Bears, Oh My
Last week, we wrote about Brown’s top two moments of the 2001-02 season, and as if on cue, the Bears came up with yet another huge win. With the odds firmly stacked against them, the players turned in a gritty, performance to upend the second-ranked team in the nation, St. Cloud. And they did it in their own barn. Go figure.
“It certainly was a big win for us on the national scope,” said Brown head coach Roger Grillo. “To knock off a team that has had a year like they have is a real feather in our cap, something that we are very proud of.”
If you think that it’s an aberration, remember that Brown has now beaten Wisconsin, St. Cloud and Harvard (two of the three were ranked teams at the time) and pushed Maine and Providence to overtime. Not bad for a team that finished last year with a record of 4-21-4, 2-16-4 in league play.
That illustrates the Bears’ dramatic turnaround from last season. What was the cause? Some point to specifics:
The Brown coaching staff, however, feels that this season is more representative of what they are all about. With a few critical wins behind them, the Bears have begun to accept the system. The positive reinforcement has given them confidence heading into every game — ECAC or nonconference.
“The people who saw us play last year saw that we were a good hockey team that struggled to find ways to win,” explains Grillo. “We were young and made mistakes at key times. That adversity has made us a stronger team. The [Harvard] win early in the year gave us confidence and reestablished the standards and values that we are trying to get across.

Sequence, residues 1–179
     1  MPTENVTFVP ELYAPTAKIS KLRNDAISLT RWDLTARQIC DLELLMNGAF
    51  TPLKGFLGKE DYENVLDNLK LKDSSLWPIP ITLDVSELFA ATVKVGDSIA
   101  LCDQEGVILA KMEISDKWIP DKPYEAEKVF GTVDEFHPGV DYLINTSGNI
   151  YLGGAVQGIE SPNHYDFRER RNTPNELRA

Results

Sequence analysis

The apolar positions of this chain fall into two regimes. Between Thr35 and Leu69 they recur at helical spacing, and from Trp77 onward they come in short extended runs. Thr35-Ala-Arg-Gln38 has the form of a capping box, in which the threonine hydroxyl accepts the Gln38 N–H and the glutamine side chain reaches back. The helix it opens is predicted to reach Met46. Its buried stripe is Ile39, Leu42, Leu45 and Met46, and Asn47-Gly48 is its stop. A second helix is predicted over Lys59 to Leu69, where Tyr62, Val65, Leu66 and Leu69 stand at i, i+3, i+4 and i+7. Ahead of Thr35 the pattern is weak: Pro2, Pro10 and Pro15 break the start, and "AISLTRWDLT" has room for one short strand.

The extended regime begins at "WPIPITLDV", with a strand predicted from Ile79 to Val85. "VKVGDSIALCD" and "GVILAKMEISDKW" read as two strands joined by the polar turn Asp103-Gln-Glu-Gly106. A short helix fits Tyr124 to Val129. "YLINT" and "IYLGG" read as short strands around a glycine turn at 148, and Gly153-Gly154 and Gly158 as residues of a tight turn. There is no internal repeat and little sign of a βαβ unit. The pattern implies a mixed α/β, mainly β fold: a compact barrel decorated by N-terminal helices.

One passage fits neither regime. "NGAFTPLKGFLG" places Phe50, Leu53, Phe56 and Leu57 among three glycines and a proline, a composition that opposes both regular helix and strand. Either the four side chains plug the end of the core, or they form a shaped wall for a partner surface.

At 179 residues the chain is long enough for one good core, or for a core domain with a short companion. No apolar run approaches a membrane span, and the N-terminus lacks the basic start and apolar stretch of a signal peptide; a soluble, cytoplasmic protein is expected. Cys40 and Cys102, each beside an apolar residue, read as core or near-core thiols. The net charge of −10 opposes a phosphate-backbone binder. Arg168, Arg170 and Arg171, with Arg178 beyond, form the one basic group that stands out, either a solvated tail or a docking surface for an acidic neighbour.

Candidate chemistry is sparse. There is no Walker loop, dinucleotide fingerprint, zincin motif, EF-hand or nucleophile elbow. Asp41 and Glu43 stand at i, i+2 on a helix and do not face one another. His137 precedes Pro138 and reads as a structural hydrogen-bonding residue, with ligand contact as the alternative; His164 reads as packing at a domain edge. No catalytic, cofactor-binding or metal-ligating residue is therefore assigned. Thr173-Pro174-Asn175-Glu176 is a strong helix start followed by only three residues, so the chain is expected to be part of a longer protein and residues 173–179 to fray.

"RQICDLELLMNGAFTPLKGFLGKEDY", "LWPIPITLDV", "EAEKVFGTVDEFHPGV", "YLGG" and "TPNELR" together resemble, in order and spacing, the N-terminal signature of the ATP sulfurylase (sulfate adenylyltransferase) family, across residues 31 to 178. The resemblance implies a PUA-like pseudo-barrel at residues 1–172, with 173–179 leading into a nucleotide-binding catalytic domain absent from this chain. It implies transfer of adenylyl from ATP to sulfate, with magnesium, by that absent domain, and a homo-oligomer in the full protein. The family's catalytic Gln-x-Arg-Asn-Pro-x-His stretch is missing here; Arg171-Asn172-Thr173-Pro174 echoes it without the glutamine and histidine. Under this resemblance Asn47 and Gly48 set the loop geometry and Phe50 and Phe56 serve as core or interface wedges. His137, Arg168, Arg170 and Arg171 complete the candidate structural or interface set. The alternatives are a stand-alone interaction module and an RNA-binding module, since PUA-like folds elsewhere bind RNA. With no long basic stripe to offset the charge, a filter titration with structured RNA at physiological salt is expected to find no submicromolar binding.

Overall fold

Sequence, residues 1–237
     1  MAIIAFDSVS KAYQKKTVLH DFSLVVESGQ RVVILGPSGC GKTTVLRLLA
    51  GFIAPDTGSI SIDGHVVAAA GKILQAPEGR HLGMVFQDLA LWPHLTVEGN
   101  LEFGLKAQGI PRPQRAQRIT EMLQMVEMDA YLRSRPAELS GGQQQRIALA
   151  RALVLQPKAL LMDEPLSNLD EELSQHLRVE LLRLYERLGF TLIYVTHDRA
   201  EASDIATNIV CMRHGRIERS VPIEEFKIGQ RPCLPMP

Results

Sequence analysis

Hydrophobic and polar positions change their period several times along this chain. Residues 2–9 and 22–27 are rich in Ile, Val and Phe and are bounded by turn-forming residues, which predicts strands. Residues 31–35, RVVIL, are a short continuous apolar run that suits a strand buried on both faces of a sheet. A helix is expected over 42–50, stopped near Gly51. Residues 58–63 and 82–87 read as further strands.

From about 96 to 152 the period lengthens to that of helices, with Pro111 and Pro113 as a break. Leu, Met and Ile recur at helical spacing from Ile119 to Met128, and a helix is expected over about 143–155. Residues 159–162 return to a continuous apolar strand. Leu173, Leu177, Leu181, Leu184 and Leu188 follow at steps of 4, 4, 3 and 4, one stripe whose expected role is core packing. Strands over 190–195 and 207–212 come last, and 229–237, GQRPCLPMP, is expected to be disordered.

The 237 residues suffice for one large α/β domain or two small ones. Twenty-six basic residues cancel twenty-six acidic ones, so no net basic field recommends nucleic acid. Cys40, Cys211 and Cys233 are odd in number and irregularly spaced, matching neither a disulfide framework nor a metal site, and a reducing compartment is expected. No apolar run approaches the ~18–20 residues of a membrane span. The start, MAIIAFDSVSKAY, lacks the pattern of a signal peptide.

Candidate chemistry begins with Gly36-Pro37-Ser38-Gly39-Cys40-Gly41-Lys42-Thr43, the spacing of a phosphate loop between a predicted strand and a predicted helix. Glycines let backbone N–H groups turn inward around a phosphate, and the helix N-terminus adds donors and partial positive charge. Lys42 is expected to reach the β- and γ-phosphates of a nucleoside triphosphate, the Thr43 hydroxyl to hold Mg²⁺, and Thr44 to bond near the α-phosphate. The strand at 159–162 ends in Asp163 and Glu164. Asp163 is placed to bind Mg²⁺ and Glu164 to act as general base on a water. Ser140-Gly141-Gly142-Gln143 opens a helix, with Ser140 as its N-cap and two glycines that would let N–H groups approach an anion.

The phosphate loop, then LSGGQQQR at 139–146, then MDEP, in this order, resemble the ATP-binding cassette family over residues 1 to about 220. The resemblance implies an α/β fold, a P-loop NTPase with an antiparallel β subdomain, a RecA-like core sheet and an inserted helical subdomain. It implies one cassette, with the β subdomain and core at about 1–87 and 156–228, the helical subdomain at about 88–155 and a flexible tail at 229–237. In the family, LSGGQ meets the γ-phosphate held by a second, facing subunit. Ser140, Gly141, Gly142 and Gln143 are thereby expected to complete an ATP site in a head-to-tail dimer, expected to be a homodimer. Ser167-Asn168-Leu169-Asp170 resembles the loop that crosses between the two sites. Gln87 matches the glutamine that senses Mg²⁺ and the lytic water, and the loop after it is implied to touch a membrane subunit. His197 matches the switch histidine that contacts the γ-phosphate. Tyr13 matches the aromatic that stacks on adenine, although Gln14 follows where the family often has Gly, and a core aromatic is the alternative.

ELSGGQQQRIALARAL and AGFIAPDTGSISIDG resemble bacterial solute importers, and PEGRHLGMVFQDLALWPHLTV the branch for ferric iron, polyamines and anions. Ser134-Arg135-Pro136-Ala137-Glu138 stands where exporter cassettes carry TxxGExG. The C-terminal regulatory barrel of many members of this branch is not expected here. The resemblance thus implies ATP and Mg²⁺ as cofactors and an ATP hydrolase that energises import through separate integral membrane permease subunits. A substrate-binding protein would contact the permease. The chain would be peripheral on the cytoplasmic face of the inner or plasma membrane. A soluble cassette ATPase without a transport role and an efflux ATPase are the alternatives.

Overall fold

“Wisconsin was a nationally-recognized program and has had great success at their own tournament [the Badger Showdown]. For us to go out there and do what we did, that was a real positive for us.”
The Bears have one more nonconference game coming up next Tuesday against another ranked team — UMass-Lowell. For the first time in years, you can bet that no one is overlooking Brown in this contest.
That is a fact that ECAC teams will have to take to heart more than anything else. Over the past two years, teams have had somewhat of a luxury when Harvard and Brown came to town. With the Crimson program a step ahead of Brown in terms of its rebuilding process, they could overlook the Bears and focus on Harvard’s young talent. Not anymore. Now opposing coaches have to prepare for two teams that a) have the potential to pull out victories and b) play very different styles of hockey.
“I think that the league games and playoff games are as big if not bigger now,” said Grillo, whose team sits in a two-way tie with 10 points. “It’s such a tight race in the ECAC that every game is like a playoff game. We feel good about what we are doing, but we also need to get better in some areas. We need to play with more consistency, but we are excited about where we are headed.”
And they have every right to be.
North Country Tests
Three of the favorites in the ECAC get together in the North Country this weekend as Cornell travels to take on Clarkson and St. Lawrence. With Harvard ensconced in first place, whoever comes out of this weekend with two wins may have the best shot at catching the Crimson come February.
Clarkson was undefeated heading into a huge grudge match game against Vermont last Saturday, but the Cats dropped Clarkson, 2-0, sending Clarkson to its first ECAC loss and helping out the idle Crimson.